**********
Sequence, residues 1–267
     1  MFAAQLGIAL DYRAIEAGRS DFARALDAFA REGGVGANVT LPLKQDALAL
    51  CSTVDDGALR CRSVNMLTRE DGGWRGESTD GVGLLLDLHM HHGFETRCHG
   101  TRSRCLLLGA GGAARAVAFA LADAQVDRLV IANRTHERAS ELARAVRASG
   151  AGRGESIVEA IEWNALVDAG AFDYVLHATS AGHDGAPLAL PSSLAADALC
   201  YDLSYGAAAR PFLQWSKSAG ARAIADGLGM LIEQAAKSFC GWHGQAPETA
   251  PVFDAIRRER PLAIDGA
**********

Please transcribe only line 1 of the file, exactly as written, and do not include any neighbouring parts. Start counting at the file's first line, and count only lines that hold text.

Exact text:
Sequence, residues 1–267